A film and development test to improve your negatives. One roll of film.

I was asked the other day by my friend Luis GV Caso, if there was a way of doing an exposure and development test using one roll of film. I knew how I would tackle it if I was working in my own darkroom, but I realised that I had never written this down. After I had sent it to him, I thought it would be useful to post it here.

Hi Luis,you asked if there was a way to do a full test on one roll of film. There is, but I think you would need to use 35mm, as you will need to cut the film into three sections after shooting. Doing this with medium format would leave short, curly bits of film which could become loose in the tank. Firstly, you need to think about the sort of lighting that you usually shoot in, or prefer. It is no use doing this test in full summer sun if you prefer shooting on foggy autumn days. Choose the appropriate scene and light (hopefully constant, and not likely to change for the duration of the test).

With the camera on a tripod, take a meter reading the way you normally do. This might get a lot of other photographers saying: ‘oh no, you need to do an incident reading’, or: ‘You have to do a range of spot metered readings and average them out’. This test is meant to help you get the best out of your way of working, not to get tied up in other people’s methodology or obsessions. Once you have your reading, draw out a range of camera settings which will give you a sequence of exposures from 4 stops under, all the way up to 4 stops over (see the diagram below). Shoot these nine frames, then cover the lens and shoot four blank frames. Shoot the same nine exposures then another four blanks. Shoot the last nine frames and one blank then rewind the film.

In the darkroom you will need to have something light tight that you can store sections of the film in, unless you have three tanks. Cut the leader off, then cut the film into three roughly equal lengths. The blank frames should give you enough space for error. The last length needs a small cut in the end (where the last blank frame was) to identify it. Load the first length into the dev tank and store the middle and end for now. Process this for 20% less than the recommended time. Stop, fix and wash as normal. Process the middle section for your normal time. Process the final length for 20% more than your normal time. When dry, do a contact sheet (longer paper needed for 9 frames, or tape two bits together). The test exposure to determine the correct time (for all 3 strips) should be the shortest possible exposure that will produce black under the clear edge of the film. Wash and dry the final contacts and look for the ‘correct’ frame. It should be frames number 6, 18 and 30, but your results might differ slightly. Contact printing is only an indication of the area you should be working in. You will have quite different choices for printing, depending on whether you are using a condenser or diffuser enlarger. Use the indicated frames to make test prints, but be prepared to see better results in the last section if you are using a diffuser enlarger, and in the first section if you are using a condenser enlarger.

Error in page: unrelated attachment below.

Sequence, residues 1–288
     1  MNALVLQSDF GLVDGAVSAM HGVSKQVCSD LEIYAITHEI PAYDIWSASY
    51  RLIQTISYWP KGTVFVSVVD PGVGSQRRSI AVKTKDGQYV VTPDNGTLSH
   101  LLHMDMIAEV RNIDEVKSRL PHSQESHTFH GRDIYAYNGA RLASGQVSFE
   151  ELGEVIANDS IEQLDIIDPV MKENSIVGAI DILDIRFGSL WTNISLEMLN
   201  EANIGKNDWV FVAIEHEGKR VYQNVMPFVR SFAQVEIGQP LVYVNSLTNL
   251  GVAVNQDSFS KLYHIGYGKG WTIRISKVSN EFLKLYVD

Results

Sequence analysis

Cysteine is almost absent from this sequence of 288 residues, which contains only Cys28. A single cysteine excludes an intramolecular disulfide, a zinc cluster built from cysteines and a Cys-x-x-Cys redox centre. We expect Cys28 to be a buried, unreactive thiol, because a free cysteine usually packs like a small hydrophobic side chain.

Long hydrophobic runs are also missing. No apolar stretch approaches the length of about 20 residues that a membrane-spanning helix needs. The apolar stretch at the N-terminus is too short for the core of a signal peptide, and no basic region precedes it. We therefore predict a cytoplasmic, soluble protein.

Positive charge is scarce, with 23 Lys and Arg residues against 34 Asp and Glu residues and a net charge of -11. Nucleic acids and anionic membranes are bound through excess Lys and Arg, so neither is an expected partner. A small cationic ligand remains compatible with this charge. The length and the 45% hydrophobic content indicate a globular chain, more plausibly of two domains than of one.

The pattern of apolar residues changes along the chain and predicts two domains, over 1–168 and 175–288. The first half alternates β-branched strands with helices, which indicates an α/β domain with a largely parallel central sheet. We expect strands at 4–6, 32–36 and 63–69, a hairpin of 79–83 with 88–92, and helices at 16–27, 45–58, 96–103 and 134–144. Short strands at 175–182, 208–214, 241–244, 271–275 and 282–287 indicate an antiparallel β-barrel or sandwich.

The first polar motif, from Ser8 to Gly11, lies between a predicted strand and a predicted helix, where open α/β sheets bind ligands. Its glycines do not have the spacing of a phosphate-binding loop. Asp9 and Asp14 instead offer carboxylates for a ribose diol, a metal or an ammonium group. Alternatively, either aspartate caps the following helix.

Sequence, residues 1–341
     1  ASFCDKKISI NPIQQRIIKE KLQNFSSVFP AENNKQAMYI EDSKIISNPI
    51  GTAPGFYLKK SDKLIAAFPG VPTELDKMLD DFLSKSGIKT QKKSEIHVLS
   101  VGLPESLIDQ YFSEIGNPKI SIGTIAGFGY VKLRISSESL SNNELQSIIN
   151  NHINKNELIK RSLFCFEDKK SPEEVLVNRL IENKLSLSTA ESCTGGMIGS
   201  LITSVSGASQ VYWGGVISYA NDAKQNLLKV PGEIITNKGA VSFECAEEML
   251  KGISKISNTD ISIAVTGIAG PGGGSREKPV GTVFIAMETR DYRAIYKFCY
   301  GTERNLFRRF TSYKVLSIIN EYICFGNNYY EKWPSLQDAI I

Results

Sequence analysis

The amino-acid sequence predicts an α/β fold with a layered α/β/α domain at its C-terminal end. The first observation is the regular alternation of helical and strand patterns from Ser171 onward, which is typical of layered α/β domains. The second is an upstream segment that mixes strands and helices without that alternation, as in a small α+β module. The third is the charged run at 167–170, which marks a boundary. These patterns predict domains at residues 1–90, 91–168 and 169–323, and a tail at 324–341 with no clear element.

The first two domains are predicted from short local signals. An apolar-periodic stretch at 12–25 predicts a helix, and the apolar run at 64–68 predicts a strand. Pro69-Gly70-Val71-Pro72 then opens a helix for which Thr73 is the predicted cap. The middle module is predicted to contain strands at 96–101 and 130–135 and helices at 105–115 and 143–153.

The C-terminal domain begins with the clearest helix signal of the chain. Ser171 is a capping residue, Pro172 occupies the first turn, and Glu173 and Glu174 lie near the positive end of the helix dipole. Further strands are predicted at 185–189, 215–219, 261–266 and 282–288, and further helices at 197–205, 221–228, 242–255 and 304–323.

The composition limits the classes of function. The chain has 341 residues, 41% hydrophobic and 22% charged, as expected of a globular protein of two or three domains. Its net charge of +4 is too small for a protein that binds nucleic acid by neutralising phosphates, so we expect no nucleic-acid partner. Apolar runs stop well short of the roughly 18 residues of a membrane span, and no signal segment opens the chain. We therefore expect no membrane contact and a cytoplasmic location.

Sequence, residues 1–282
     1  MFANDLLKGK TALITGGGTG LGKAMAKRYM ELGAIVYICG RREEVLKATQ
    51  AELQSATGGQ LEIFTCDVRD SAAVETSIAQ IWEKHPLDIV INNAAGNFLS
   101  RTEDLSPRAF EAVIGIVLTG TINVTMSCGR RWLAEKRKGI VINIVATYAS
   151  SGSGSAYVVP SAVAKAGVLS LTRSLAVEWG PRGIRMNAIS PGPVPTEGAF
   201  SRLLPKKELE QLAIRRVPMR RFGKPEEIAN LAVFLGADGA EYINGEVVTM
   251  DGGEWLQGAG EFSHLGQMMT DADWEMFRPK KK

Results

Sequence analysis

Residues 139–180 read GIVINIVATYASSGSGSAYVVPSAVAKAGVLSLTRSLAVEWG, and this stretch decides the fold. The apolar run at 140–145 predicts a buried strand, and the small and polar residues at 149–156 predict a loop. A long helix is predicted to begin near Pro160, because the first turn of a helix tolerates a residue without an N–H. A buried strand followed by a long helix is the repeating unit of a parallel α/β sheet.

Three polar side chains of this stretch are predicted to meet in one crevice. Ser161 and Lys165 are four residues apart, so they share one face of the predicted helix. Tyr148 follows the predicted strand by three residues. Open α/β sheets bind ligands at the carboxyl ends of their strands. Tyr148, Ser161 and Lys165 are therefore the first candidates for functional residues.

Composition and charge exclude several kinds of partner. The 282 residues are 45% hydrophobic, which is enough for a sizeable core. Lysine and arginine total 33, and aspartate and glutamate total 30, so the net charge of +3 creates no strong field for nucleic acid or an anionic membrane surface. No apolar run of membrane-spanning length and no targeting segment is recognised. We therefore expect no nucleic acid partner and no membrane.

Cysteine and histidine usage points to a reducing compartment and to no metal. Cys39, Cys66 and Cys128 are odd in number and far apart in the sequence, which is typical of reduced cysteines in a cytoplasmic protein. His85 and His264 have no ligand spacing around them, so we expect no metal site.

If you have enjoyed this post and the information here and elsewhere on my blog, would you consider a small donation via Ko-fi please? You can send as little as £3.00, or more if you are feeling generous. This money goes towards materials used for the tests and printing for these articles. The link is; Ko-fi.com/andrewsandersonphotography

8 thoughts on “A film and development test to improve your negatives. One roll of film.

  1. Rüdiger Hartung

    Your procedure reminds me of the method described by Barry Thorton.
    But from my point of view it has the disadvantage (if it is one for a masterprinter) that you calibrate the whole system of taking pictures and darkroom together. What if you only change one parameter?

    Therefore I prefer the decoupling of the film calibration from the darkroom.

    I also take the shots described by you (preferably in the linear range of the density curve with +/- 3 f-stops). For this I use an SLR and a diffusor against a cloudy sky or a tablet surface as light source.
    From a 35 mm I also get 5 film strips for different development times (like f-stop series for equidistant distances of the density curves, e.g. 5:30, 8:00, 11:00, 16:00, 22:00 minutes).
    After the respective density measurement I receive a set of 5 linear density curves.
    Using Excel Solver I get all development times exactly from N-3 to N+3.
    1 roll film and 1/2 day effort.

    Further procedure then depending on the situation (contrast range, visualization) according to the zone system.


    1. andrewsandersonphoto Post author

      Thank you Rudy, you are a much more technical worker than I am, I think your method is brilliant. The post was written in about 15 minutes and the whole sequence was something i had buzzing round my head for quite a while. I never sat down and tested it as accurately as you would, but I hoped the parameters would be useful to those who are new to the subject.


  2. Bruce

    Hi there – I usually shoot FP4+ 4×5 sheet film – this is going to sound like a stupid question, but can I assume that if I did the above test, it will be applicable to the sheet film too. I assume it is!
    And thanks for doing the test and posting about it:)


    1. andrewsandersonphoto Post author

      The principles of the test hold true for other formats, but this was a way of getting a lot of information out of one roll of film.Give it a try.
      Regards, Andrew.



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